Earlier this month, SA Cricket magazine spoke exclusively to South Africa’s new Test squad recruit Temba Bavuma, about characteristic curiosity, diminutive size, maturity – and more. Here’s the article again in case you missed it.
SAC: Congratulations on your call-up, which must have brought considerable emotion …
Bavuma: I have managed to calm down since hearing the news. I got a call from Andrew Hudson, who congratulated me after telling me I have been named in the Test squad. I was very excited, even scared, when I got that call. But I have since calmed down after telling my parents and others about the big news.
You strike many fans, pundits and players as an inquisitive character. Is this a fitting attribute?
I am always trying to learn. I have always been the type of guy who learns things from others by looking at the way they prepare and how they go about their business. I used to ask the senior guys at the Lions, like Neil McKenzie, Alviro Petersen, Zander de Bruyn, Stephen Cook, a lot of questions. I still do.
Suggestion that you frequently display maturity beyond your 24 years, too, abounds …
Growing up, I’ve always played with guys who are older than me. That forced me to kind of get up there quicker in a way. Another thing that helped me was doing a post-matric year at my school – St David’s Marist in Sandton, Johannesburg. The previous year, I had passed well – with distinction. Doing that extra year, having to get through that, toughened me up a bit more.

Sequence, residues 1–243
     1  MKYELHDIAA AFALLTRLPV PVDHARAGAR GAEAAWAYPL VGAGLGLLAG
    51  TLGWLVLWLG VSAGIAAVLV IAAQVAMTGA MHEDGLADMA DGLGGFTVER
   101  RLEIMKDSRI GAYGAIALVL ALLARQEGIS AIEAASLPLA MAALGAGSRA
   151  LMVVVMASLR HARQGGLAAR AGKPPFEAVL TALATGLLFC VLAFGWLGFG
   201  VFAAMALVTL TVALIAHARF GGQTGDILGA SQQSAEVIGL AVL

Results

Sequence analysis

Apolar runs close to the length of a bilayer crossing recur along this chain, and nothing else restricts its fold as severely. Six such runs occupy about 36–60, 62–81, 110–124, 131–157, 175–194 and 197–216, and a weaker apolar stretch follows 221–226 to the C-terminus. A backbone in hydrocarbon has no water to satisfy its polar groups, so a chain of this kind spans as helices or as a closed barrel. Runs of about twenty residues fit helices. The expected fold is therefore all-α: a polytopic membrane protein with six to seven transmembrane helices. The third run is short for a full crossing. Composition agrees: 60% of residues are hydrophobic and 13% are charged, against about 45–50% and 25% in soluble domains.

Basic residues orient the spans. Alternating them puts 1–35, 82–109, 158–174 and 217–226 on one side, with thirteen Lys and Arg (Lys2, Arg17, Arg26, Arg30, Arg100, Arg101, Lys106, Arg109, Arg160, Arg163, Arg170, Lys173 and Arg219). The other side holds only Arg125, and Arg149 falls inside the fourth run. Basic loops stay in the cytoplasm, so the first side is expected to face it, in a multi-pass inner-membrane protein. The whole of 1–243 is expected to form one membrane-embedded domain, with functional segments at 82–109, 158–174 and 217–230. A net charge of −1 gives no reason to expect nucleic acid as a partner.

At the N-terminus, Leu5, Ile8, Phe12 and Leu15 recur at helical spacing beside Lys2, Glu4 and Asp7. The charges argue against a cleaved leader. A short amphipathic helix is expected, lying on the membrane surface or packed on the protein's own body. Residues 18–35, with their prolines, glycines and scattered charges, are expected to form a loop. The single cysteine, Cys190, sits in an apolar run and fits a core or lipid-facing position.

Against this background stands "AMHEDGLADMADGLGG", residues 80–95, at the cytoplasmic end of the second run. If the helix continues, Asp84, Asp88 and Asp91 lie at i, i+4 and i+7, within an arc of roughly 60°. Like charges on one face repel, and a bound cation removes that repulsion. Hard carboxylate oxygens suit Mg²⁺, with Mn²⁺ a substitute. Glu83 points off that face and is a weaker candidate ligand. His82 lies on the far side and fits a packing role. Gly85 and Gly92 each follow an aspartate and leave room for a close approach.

Like Brian Lara, Sachin Tendulkar and others, you are relatively short. Is your diminutive stature beneficial?
My height, it can be an advantage – and a disadvantage. I’ve never been a tall person, obviously, so it’s hard for me to say from that point of view. Being short, though, as a batsman, can make bowlers struggle. Some bowlers have said to me they struggle to find the ideal line and length for me, which affords me more loose balls to score off.
While Stiaan van Zyl’s debut has been confirmed for the series opener against the West Indies, you are not necessarily going to play any of the three Tests …
It is going to be a great privilege, regardless. If I don’t get the opportunity to make a Test debut, just being around the world-class players in the Proteas squad will be great for me anyway. The type of person I am, being very inquisitive in my nature, I will be trying to learn as much as I can from the world-class guys in the squad. I want to adapt to that sort of environment in the South African set-up, too.
Has Lions coach Geoffrey Toyana been the most influential mentor during your cricket career?
Geoff has been very influential. Working under him has been great. I have enjoyed his style as a leader. I’ve adapted well under him. We work together well. He is always there for me, willing to assist in any capacity. I have had a lot of influential people play a role in my life and cricket. I can’t name names because I don’t want to miss any.
What have you gleaned from Chris Gayle during the West Indian batsman’s stint with the Lions?
Chris is a superstar. He is a world-class player. He contributes a lot – on and off the field. He is a true professional. I have been fortunate to play cricket with him. Being around him, watching what he does and how he does it, I have come to learn a lot.
You will soon require a swift change of mindset from limited-overs competition in the Ram Slam T20 Challenge to preparation for Test match cricket …
It is more a change of the mental side than anything else. The technical side of the game, it will always be there. Getting my mind ready will be the biggest adjustment needed. Technically, the formats are pretty much alike. But it’s about getting the mind right for the change from short-format to long-form cricket.
By Jonhenry Wilson